The Close Read­ing Killer

The Coast - - THE CITY - —Te­gan Samija

“Pa­thetic fal­lacy...,” the man breathed as he strode through the down­pour around pud­dles gap­ing like holes into an­other world, “...when the weather re­flects ac­tion un­fold­ing.”

Around him, chil­dren whined as their moth­ers pushed rain­coats at them to wear over polyester capes and jew­eled gowns, and fire­works splut­tered in the dis­tance. He stopped at a house guarded by three jack-o’lanterns, crouch­ing to ex­tin­guish the light be­hind their toothy grins to dis­cour­age trickor-treaters, and eased open the front door.

“Trick... or treat?” he whis­pered in the empty door­way. Reach­ing his hand into the pil­low­case he car­ried, he an­swered the ques­tion by with­draw­ing, in­stead of candy, an or­nate penknife. A very old mem­ory of his favourite pro­fes­sor teach­ing him tricks for an­a­lyz­ing a text flashed through his mind. He had come to per­form a close read­ing tonight, and this was his writ­ing uten­sil of choice. Fol­low­ing the smell of bak­ing pump­kin and cin­na­mon em­a­nat­ing from the kitchen, he slipped in­side.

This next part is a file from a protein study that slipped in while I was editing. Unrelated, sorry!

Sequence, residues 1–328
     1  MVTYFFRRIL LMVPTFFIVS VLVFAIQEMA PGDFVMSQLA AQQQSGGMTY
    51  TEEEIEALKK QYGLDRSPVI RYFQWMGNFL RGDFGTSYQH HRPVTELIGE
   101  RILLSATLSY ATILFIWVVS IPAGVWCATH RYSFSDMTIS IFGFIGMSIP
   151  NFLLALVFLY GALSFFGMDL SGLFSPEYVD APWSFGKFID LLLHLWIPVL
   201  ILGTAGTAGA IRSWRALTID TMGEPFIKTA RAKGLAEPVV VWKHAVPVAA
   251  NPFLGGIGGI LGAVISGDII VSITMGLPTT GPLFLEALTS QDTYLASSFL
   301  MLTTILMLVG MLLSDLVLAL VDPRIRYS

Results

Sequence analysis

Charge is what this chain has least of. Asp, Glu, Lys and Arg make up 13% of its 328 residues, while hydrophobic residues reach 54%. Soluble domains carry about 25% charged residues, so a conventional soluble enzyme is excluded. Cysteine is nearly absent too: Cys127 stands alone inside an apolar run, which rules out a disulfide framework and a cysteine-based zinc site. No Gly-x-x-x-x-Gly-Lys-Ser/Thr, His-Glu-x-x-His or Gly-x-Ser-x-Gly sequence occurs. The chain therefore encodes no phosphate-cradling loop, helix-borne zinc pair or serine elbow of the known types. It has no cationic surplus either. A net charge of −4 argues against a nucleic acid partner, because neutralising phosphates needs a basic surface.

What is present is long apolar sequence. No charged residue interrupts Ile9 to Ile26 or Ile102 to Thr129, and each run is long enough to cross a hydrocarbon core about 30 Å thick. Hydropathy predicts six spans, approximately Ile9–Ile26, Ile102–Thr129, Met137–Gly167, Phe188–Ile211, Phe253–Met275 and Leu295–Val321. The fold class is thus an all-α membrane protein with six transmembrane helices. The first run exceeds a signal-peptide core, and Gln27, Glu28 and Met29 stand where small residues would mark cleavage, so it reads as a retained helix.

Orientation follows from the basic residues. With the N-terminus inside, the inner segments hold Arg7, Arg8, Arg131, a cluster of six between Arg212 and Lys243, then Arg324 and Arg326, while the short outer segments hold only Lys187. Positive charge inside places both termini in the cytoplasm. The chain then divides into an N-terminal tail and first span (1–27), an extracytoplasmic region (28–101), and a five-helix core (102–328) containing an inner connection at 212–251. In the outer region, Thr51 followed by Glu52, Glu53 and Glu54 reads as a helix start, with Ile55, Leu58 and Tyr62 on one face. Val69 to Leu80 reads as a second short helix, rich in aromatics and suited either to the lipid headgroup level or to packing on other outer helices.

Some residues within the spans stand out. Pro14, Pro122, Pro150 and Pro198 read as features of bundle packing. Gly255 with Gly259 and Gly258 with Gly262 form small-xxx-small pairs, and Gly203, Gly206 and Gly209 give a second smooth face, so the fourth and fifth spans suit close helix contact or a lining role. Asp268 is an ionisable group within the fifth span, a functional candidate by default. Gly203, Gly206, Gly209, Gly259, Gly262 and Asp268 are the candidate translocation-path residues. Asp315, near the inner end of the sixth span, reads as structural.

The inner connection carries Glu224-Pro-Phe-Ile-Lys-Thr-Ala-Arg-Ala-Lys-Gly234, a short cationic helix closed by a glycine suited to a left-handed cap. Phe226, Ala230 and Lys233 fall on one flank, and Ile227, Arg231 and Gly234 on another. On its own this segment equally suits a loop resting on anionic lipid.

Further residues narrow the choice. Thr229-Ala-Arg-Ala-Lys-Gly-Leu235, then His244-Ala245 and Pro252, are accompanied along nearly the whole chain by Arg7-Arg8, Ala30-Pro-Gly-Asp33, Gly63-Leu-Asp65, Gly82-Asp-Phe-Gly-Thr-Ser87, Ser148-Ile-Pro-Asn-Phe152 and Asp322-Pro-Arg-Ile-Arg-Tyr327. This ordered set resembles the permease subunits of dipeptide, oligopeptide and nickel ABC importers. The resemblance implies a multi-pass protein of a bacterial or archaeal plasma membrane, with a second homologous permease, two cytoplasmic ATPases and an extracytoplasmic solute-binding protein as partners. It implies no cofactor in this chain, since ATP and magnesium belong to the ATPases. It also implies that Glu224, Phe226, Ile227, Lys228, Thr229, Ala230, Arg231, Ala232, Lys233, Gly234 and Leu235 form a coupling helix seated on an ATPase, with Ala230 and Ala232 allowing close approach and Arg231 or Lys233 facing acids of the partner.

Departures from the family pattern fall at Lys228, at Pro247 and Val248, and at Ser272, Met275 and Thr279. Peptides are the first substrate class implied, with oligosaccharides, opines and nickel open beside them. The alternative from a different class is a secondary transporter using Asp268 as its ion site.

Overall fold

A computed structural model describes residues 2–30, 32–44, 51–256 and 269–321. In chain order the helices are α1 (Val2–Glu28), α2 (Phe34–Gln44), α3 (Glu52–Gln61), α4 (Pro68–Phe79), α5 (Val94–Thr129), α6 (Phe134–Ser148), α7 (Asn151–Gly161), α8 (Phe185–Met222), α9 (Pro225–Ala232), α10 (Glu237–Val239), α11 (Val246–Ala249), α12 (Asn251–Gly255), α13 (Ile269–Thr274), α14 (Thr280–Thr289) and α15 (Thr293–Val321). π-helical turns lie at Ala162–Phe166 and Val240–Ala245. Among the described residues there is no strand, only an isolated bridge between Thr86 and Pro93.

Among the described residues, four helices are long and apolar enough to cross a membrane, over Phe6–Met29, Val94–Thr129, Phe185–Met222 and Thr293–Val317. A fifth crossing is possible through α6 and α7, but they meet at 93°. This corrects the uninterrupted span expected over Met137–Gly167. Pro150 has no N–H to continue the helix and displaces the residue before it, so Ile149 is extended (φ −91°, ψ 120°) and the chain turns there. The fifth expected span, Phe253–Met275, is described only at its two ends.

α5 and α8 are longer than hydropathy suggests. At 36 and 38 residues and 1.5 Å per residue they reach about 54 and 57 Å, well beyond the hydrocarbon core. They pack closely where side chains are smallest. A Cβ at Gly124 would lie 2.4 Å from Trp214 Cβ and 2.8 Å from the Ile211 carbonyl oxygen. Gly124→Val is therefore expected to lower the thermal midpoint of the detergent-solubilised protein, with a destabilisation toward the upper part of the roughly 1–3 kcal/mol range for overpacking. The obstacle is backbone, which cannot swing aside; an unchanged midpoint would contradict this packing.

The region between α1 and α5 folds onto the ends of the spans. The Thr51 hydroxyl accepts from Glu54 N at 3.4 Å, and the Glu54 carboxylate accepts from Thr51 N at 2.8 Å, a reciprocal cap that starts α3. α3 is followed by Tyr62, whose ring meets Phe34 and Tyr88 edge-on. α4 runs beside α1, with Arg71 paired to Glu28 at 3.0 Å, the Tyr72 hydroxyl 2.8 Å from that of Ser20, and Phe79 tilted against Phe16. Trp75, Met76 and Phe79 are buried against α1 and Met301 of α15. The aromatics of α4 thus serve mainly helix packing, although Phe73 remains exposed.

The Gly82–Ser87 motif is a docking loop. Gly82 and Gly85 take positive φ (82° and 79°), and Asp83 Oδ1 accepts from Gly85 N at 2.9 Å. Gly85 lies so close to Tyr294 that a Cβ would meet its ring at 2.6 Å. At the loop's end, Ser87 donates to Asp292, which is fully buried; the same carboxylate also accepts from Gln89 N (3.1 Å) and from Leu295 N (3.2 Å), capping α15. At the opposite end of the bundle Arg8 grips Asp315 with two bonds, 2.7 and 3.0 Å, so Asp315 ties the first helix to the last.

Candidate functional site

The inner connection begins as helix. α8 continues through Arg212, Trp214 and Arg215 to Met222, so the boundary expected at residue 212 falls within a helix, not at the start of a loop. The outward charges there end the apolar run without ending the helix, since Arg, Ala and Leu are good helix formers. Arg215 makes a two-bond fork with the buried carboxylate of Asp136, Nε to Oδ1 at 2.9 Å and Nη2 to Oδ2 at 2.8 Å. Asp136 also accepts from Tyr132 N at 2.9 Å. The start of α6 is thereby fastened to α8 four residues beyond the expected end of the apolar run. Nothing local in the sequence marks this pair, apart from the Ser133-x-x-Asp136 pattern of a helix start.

When he emerged later, he re­lit the jacko’-lanterns and re­flected on what he had learned about his text. The way the heart had beat in iambic pen­tame­ter be­neath his bloody fin­gers. The un­even last breaths creat­ing en­jamb­ment and caesuras. Bones vary­ing in length like lines. He had po­si­tioned one leg so it ex­tended into the foyer—a synec­doche for a trick-or-treater to dis­cover. The death was a story told in limited om­ni­scient; no one would ever know that he had been the one to take the body apart in order to un­der­stand it.

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